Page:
Reviewed by Maitland McDonagh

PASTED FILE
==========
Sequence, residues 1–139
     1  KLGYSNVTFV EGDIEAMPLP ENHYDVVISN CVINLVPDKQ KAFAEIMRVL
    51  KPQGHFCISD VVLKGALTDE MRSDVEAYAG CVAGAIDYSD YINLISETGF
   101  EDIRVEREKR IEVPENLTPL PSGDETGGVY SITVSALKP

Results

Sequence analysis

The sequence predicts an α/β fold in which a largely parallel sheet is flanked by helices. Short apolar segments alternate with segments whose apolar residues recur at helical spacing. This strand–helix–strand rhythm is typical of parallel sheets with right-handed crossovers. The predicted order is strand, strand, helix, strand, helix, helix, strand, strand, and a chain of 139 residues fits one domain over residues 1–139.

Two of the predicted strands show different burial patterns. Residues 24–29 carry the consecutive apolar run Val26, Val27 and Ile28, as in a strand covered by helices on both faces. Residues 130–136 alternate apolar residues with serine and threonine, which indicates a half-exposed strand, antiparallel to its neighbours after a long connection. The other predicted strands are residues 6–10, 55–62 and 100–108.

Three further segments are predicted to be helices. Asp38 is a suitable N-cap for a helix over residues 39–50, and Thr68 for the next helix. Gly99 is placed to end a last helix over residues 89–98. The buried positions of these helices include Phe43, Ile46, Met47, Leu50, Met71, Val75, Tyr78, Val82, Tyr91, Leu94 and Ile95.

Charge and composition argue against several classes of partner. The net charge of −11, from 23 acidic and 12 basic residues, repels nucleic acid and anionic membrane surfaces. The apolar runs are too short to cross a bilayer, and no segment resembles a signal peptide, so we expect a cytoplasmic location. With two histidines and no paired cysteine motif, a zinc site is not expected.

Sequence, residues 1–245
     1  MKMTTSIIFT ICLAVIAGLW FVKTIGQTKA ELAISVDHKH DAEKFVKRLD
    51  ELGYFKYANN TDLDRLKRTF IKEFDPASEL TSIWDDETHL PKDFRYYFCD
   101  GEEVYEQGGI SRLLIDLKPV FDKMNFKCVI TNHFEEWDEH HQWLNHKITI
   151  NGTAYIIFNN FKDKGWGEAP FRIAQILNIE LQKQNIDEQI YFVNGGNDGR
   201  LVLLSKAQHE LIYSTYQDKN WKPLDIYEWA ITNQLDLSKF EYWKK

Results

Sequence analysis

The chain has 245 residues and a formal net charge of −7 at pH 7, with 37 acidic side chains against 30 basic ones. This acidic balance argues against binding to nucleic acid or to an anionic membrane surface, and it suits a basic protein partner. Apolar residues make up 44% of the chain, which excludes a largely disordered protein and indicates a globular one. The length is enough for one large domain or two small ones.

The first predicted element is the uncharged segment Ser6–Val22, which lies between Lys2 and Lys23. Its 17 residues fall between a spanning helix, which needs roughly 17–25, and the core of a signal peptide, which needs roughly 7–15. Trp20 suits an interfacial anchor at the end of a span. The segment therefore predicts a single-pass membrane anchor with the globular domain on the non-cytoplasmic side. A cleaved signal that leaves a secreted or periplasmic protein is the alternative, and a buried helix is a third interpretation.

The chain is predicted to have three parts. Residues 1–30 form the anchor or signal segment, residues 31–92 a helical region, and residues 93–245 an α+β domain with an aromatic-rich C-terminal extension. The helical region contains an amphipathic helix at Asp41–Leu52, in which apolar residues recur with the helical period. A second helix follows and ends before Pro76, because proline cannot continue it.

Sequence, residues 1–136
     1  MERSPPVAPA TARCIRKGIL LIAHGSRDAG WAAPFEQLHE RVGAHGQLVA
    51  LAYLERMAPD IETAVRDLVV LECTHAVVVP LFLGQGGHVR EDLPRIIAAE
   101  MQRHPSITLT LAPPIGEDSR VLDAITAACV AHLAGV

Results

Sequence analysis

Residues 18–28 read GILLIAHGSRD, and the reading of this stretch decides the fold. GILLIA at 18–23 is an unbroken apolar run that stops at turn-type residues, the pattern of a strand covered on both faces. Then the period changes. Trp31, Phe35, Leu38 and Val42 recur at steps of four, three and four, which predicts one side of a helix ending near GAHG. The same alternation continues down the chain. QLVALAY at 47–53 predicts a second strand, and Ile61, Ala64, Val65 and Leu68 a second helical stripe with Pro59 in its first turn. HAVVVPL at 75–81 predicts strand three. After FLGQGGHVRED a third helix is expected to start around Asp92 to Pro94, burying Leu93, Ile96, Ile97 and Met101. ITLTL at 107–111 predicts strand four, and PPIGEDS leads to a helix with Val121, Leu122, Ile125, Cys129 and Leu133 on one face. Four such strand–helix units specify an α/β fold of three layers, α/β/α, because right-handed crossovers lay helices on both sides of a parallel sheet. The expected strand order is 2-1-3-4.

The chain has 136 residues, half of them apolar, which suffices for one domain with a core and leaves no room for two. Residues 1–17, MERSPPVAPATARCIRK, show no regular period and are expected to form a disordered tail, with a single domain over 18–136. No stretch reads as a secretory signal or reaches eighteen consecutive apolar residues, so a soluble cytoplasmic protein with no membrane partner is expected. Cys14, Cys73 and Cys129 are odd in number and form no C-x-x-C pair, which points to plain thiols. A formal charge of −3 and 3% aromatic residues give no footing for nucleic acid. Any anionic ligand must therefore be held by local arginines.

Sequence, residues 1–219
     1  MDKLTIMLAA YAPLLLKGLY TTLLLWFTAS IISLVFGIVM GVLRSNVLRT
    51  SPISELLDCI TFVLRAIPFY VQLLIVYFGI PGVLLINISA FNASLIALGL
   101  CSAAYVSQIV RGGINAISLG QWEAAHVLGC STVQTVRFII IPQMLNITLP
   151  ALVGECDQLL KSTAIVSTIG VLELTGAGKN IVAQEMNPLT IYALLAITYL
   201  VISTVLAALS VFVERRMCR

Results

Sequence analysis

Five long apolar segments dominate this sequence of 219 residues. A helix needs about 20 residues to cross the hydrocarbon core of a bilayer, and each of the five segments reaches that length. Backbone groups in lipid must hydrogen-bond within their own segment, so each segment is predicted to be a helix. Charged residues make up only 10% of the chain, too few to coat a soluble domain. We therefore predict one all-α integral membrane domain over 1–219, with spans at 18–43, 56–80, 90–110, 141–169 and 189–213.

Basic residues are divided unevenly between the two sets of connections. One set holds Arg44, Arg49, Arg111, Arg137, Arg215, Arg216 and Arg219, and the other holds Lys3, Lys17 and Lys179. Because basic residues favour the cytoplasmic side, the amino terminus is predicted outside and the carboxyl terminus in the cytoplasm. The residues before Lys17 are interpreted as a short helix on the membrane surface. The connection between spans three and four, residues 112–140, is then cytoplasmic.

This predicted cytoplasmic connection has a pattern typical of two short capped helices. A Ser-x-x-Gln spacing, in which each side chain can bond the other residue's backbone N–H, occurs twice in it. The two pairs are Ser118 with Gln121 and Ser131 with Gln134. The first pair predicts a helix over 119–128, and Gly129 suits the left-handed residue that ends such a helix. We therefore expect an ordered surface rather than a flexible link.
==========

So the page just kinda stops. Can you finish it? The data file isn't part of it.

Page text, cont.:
English director Joe Wright's fresh, vivid adaptation of Jane Austen's much-filmed Pride and Prejudice is an eloquent reminder that times change but people don't. The shabby and precarious gentility of the Bennet family is built on shaky ground: By the terms of his own inheritance, aging Mr. Bennet's (Donald Sutherland) house and property can only pass to a male heir, and he has five daughters. Mrs. Bennet (Brenda Blethyn), dismissed by all — herself included — as a silly, fluttering, high-strung woman, is absolutely right on one count: Her daughters face bleak futures unless at least one marries a financially stable man with the decency to extend his aid to her family. Mrs. Bennet is thrilled when Mr. Bingley (Simon Woods), who's just moved into the stateliest manor in the area, takes an evident shine to her eldest, the sweet-natured Jane (Rosamund Pike). Bingley is accompanied by a handsome and even wealthier friend, Fitzwilliam Darcy (Matthew MacFadyen), but his haughtiness and vocal disdain for country living and the rubes who like it make an instant enemy of Jane's younger sister, Lizzie (Keira Knightley), who isn't quite beautiful enough to be so free with her opinions but shares them anyway. After a series of barbed exchanges with Darcy, Lizzie is drawn to handsome Lieutenant Wickham (Rupert Friend), who confides that his family were loyal Darcy-family retainers, but that young Mr. Darcy turned him out without a cent at the first opportunity. Mrs. Bennet meanwhile finds a prospect for her prickly second daughter in clergyman William Collins (Tom Hollander), the distant cousin who will inherit the Bennet estate. Though pompous and a bit of a bore, he's decent, coming up in the world with the help of a generous patron, Lady Catherine de Bourg (Judi Dench) — who happens to be Darcy's aunt — and anxious to wed. The proud and spirited Lizzie could do worse and knows her actions will have consequences for her mother and sisters, but she's not quite ready to shelve all hope of romance for practicality, and fate persists in making her path cross Darcy's. The appealing Knightley goes in a promising young actress and comes out a star, but the faultless cast of veterans and fresh-faced newcomers imbues every character with flawed and immensely appealing humanity, from the Bennets' self-destructively flighty youngest (Jena Malone) to Lizzie's plain best friend, Charlotte (Claudie Blakley), who swallows her pride and marries the rejected Mr. Collins rather than face life as a spinster. The film's last scene, a bit of flirty banter between the newly married Lizzie and Darcy that ends with a Harlequin romance-style kiss, was trimmed from the UK version when it tested badly but left in for US release; director Joe Wright observed that Americans "just like a little more sugar in [their] champagne."